The court added that HUD's interpretation of the statute should be rejected because it would, in the court's view, lead to "absurd results." Pet. App. 21a. The court stated that "there was nothing more Pearlie Rucker could have done to protect herself from eviction"; that "the statute would * * * permit eviction * * * if a tenant's child was visiting friends on the other side of the country and was caught smoking marijuana"; and that "the provision would * * * authorize eviction if a household member had been convicted of a drug crime years earlier." Id. at 22a.

Finally, the court concluded that the principle of constitutional avoidance supported its result, because "[p]enalizing conduct that involves no intentional wrongdoing by an individual can run afoul of the Due Process Clause." Pet. App. 24a. The court distinguished Bennis v. Michigan, 516 U.S. 442 (1996), which permitted forfeiture of a wife's interest in a car because of her husband's use of the car to engage in sexual activities with a prostitute, conduct of which the wife was unaware. The court's primary distinction of Bennis was that the property in Bennis had been "used in criminal activity," while the leasehold interests here (with the exception of Walker's apartment) had not been. Pet. App. 25a.

The court affirmed the district court's grant of a preliminary injunction. In addition, without discussing any issues concerning the allocation of the burden-of-proof, the court stated that "OHA remains free to proceed with evictions for off-premises drug activities when it can prove the tenant knew or should have known of the activity." Pet. App. 28a (emphasis added); see also id. at 29a & n.10.

b. Judge Sneed, joined by three other judges, dissented. Pet. App. 32a-67a. In his view, "[b]ecause the statute is clear on its face, HUD's interpretation is the only permissible construction of the statute." Id. at 33a. But he noted as well that "whether one accepts our contention that the statutory language is clear or the majority's argument that the language is silent, application of the Chevron test to the present controversy leads to the same conclusion." Id. at 33a-34a.

Judge Sneed noted that the text of Section 1437d(l)(6) authorizes eviction when "a 'public housing tenant, any member of the tenant's household, or any guest or other person under the tenant's control' engages in 'any drug related criminal activity.'" Pet. App. 35a. He explained that "[t]he majority's reading of the statute requires that the drug user fall into two of the categories-a drug user must be both a household member/guest and under the tenant's control"-a reading that "renders the enumerated categories (tenants, household members, guests) superfluous." Id. at 37a.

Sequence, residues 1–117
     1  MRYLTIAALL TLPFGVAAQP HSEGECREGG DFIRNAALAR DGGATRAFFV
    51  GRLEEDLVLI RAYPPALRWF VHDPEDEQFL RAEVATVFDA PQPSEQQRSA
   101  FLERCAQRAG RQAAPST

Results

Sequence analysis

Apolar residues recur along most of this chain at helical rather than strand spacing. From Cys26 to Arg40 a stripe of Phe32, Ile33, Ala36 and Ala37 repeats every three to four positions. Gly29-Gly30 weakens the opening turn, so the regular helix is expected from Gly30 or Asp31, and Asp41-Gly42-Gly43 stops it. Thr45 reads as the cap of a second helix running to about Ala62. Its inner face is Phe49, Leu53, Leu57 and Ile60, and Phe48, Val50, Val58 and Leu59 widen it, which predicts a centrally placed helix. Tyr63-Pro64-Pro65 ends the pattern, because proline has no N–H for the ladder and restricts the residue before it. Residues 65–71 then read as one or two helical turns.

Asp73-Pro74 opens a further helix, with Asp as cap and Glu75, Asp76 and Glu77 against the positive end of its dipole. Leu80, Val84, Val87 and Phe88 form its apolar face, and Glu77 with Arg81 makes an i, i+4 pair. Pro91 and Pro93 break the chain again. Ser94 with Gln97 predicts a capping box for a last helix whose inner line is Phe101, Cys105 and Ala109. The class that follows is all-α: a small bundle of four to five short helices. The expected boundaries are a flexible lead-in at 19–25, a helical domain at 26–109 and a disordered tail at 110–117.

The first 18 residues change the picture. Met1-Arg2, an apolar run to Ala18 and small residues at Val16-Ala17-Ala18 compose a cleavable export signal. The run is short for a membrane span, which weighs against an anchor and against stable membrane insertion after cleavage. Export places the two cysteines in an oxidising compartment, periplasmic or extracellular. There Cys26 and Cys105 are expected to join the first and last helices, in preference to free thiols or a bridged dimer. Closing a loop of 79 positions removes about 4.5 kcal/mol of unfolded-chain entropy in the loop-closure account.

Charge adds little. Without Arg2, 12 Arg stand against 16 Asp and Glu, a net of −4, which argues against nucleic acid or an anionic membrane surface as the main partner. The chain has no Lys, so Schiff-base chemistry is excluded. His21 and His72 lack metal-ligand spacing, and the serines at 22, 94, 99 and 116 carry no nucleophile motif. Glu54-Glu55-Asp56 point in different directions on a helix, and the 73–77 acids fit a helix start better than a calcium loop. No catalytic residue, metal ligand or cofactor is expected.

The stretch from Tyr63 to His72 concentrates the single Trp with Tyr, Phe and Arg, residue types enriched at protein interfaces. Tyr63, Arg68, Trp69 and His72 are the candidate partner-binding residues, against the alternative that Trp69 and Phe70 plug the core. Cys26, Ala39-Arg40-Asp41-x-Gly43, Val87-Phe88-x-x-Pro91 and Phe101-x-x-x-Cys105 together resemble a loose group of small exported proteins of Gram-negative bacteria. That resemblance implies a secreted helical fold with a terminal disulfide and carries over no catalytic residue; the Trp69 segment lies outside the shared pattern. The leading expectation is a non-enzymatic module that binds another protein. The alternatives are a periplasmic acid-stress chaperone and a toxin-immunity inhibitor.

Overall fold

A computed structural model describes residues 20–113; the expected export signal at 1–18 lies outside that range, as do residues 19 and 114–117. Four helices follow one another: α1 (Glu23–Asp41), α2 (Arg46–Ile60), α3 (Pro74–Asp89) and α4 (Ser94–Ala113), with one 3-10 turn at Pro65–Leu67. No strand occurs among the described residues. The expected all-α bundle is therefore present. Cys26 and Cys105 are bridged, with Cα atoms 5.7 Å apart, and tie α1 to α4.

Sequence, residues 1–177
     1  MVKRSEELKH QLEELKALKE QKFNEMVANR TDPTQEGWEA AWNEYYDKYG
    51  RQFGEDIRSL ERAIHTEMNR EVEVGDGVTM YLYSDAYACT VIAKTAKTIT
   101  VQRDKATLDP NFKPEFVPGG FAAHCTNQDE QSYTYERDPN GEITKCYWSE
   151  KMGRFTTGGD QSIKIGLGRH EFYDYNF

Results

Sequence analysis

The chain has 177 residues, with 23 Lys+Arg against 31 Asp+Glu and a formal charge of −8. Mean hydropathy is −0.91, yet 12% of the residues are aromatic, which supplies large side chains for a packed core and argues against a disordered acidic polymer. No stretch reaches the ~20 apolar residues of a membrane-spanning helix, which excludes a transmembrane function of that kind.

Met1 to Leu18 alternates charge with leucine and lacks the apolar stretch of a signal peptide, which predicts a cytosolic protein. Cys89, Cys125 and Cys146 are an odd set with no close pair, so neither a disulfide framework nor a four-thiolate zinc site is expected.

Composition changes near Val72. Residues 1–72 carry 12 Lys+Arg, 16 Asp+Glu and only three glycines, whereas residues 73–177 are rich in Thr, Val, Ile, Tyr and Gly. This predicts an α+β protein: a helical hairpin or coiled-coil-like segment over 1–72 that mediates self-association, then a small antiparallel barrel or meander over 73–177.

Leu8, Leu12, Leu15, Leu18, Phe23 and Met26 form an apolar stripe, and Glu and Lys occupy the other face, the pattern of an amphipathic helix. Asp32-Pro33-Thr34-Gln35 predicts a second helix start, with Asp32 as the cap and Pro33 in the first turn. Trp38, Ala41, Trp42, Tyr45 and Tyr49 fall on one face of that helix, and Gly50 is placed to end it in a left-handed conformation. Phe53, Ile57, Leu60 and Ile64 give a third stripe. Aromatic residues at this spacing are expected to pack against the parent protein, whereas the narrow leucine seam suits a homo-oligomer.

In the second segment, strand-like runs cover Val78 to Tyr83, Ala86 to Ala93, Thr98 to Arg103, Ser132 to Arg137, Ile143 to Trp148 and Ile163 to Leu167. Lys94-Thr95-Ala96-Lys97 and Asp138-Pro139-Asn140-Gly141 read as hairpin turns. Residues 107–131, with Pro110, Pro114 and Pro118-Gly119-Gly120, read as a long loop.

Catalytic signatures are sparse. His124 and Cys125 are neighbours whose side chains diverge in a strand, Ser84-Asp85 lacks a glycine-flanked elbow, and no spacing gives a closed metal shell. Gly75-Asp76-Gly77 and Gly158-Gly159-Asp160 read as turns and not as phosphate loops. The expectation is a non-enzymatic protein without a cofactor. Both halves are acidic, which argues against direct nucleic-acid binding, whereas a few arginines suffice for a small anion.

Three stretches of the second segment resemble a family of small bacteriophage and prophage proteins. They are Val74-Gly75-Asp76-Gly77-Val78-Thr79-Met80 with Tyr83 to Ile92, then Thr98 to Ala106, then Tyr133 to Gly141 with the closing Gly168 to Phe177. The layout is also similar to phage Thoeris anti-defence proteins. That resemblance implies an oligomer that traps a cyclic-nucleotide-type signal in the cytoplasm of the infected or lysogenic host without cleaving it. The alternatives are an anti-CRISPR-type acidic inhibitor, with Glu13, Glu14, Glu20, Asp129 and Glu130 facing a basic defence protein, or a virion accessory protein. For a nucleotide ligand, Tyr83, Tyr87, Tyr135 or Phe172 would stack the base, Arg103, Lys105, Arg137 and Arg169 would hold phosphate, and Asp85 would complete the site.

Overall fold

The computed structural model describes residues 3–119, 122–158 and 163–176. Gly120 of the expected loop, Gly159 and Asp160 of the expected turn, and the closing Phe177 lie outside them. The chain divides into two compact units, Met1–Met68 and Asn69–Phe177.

Judge Sneed also believed that other statutory provisions supported HUD's construction of the statute. In his view, for example, the fact that Congress included express "innocent owner" language in the forfeiture statute merely underscores the significance of Congress's omission of any similar language in Section 1437d(l)(6). Pet. App. 42a-44a. See also id. at 40a-42a (discussing 42 U.S.C. 1437d(c)(4)(A) (1994)).

Judge Sneed disputed the majority's contention that Section 1437d(l)(1) would impose an "unreasonable" lease term if it permitted eviction of tenants who were ignorant of the drug-related conduct. He explained that "[t]he ignorant tenant eviction provision rationally addresses" Congress's concerns about the serious problems caused by drug crimes in public housing projects, because it gives the public housing authority "a credible deterrent against criminal activity" and because "requir[ing] proof of knowledge on the part of the tenant of the criminal activity of a guest is impractical" in any case in which the tenant was not himself found in the presence of the offender during the drug-related criminal activity. Pet. App. 51a. He also noted that the provision empowers other tenants to report drug-related activity, and thereby help clean up their own projects, "without fearing the possibility of retaliation" from drug dealers. Id. at 53a. He added that "a provision permitting the eviction of unknowing tenants because of the wrongdoing of their household members or guests is a common and enforceable provision in leases between private owners of property and their tenants" and that fact "attests to [its] reasonableness." Id. at 54a.